Babus and Netas often complain that our citizens do not have any 'civic sense' and that we have created the infrastructure but people do not take care of it. This is a half-truth. We often do not have governing mechanisms in place to take care of our urban infrastructure on everyday basis.
Lets take an example of littering on the streets and the ‘Clean India Campaign’ or ‘Swachchh Bharat Abhiyaan’ of the Government of India. During the launch of the campaign we were reminded of our crucial role and a lot of people picked up a broom to ‘Clean India’. What is missing now? When a citizen, inspired by the high morale of the ‘Clean India campaign’, looks for a dustbin to throw garbage, it is the job of the city government to make sure that the dustbin is in its place. When a dustbin is in place, it is more effective to tell the citizen to use it. Citizens can exercise their ‘civic sense’ of not littering only when the government is doing its job of putting the dustbins in place. Here, the 'dustbin' is just a symbol of the solid waste management and public sanitation system of the city.
One of the objectives of the Clean India campaign is 100% collection and scientific disposal and recycling of municipal solid waste. In most of our cities, the solid waste management and public sanitation is in shambles, especially in the public spaces. In many less-privileged parts of Ahmedabad streets are not cleaned regularly. In the more-privileged parts where they are cleaned regularly, the garbage is burnt openly. Open burning of street waste is practiced widely in Ahmedabad – sometimes right in front of the municipal officials’ residences. Open burning of waste generates toxic fumes that are harmful for human bodies. Generally the waste is burnt in the morning hours, which coupled with the emissions from the morning peak hours of traffic creates deadly air that all the commuters breath while going to work.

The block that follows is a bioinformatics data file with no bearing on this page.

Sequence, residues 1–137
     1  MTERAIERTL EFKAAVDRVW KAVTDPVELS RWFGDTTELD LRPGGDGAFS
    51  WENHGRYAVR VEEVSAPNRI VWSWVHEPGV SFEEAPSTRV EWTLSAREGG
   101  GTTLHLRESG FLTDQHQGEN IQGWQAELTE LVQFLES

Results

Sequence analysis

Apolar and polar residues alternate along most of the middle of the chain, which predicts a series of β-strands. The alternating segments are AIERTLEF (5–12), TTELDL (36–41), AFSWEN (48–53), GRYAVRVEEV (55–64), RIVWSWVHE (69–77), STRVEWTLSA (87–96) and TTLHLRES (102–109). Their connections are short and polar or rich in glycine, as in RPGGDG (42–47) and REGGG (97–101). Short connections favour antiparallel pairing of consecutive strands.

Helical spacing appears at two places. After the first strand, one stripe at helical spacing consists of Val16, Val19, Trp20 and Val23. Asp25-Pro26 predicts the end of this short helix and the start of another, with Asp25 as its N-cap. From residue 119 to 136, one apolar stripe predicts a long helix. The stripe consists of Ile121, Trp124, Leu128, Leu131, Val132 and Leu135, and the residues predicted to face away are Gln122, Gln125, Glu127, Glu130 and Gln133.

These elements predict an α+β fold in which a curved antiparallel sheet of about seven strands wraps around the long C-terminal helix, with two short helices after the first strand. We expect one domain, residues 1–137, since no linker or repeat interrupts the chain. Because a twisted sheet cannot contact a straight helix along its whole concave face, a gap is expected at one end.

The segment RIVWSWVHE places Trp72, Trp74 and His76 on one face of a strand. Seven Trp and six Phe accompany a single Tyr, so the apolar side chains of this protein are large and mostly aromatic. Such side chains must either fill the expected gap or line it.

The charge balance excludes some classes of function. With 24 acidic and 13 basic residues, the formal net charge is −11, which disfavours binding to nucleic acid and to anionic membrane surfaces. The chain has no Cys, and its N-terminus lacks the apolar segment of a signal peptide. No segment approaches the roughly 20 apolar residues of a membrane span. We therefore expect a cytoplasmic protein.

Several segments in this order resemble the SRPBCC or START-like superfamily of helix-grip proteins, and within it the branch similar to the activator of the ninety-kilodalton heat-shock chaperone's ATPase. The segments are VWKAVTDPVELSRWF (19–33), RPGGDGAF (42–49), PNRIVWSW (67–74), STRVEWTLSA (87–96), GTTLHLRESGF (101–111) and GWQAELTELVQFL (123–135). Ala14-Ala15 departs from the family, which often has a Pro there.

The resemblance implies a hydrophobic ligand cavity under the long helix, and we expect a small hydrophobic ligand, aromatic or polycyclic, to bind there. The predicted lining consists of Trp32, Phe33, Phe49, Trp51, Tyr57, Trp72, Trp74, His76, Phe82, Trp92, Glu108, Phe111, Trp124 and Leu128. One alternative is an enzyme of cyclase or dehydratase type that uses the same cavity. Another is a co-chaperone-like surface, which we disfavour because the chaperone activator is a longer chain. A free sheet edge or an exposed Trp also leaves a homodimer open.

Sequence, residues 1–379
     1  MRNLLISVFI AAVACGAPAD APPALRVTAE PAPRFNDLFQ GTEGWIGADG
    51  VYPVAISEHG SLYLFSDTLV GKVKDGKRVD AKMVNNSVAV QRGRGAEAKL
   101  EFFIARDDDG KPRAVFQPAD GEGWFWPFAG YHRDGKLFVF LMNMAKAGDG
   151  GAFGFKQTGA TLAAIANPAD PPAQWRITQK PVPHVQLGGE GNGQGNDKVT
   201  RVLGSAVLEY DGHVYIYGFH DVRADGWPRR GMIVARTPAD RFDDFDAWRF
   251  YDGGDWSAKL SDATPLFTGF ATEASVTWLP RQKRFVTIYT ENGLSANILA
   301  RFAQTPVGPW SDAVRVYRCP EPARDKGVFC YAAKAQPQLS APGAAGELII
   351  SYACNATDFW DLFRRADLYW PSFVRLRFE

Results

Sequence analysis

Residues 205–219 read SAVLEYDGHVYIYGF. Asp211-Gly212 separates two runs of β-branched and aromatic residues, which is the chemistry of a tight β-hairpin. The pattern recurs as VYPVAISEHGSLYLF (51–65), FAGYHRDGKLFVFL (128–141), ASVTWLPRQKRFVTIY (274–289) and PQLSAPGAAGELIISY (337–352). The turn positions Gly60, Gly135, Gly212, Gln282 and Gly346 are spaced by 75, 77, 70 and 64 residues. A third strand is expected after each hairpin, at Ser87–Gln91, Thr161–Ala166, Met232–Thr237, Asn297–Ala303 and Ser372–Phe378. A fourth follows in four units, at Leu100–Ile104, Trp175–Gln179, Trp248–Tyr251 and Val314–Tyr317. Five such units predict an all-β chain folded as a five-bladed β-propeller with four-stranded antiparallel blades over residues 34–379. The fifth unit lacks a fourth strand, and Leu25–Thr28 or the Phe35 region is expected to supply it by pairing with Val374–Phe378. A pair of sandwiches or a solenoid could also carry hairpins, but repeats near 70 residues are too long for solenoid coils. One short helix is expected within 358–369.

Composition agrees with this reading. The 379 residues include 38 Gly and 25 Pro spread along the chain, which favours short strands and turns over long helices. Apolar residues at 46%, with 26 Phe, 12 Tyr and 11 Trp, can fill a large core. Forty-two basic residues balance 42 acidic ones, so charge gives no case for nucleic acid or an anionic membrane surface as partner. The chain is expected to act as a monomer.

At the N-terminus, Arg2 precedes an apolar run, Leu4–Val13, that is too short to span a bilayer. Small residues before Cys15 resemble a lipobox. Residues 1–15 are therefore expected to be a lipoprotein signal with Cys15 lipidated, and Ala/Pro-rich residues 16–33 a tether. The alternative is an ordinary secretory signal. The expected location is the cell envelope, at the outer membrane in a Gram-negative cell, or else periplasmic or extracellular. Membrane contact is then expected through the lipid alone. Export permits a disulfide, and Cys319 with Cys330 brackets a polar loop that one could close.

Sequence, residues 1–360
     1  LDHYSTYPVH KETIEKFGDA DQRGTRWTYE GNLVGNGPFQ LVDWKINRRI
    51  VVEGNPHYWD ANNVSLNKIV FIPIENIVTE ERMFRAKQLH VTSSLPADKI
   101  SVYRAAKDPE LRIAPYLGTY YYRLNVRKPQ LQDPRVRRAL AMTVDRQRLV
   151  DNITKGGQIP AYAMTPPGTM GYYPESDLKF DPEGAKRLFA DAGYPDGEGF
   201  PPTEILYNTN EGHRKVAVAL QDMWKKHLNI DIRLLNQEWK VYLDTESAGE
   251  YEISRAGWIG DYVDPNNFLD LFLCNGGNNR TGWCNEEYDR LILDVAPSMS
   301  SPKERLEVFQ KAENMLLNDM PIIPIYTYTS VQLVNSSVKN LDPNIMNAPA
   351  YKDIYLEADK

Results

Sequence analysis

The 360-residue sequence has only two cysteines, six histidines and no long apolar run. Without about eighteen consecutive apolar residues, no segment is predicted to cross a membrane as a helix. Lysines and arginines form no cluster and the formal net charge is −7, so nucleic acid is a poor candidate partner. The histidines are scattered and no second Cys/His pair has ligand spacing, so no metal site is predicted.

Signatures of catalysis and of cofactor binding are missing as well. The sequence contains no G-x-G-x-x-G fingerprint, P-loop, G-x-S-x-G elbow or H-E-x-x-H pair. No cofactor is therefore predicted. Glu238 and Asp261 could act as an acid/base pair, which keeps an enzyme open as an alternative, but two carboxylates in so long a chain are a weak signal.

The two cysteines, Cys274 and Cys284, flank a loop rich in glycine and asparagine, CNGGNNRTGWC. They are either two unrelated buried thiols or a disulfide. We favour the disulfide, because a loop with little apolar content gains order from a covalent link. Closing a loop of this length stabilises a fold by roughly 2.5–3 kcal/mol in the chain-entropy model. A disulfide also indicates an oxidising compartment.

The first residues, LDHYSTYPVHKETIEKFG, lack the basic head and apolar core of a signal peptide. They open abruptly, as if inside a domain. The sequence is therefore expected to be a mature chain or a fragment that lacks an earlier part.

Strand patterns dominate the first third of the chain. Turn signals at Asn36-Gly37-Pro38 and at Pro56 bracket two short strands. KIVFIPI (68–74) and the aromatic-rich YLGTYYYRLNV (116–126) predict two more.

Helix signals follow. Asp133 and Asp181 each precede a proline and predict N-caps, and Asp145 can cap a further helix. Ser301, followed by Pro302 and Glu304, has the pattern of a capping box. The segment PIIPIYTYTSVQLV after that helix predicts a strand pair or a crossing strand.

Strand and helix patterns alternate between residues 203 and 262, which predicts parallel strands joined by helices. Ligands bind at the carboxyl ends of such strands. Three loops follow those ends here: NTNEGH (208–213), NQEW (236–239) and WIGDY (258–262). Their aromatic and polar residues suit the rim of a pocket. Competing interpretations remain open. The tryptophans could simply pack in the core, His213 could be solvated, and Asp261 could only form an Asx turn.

It has been six months since the ‘Clean India campaign’ was launched but we have not seen many changes on the ground level. The campaign also rightfully stresses on public sanitation and building of toilets in every house in the country. How is our municipal corporation going to ensure that toilets will be built in every house whether they are in slums or elsewhere? Public toilets are generally not built (especially for women) and when built, they are not maintained properly. As citizens, we understand that it is a mammoth task to clean our cities. But did this campaign inspire or shake up our governing agencies to change their ways and becoming serious about cleaning our cities?
There are two important duties of being a citizen in a democracy. We are often made guilty of the first one of not exercising ‘civic sense’. But we completely overlook the other one – making the democratic government accountable. It is time we start making our (local) government accountable for ‘Clean India’ before we get gyan on improving our civic sense.
( 27th April, 2015: DNA Ahmedabad edition, Cities Supplement, Page 5)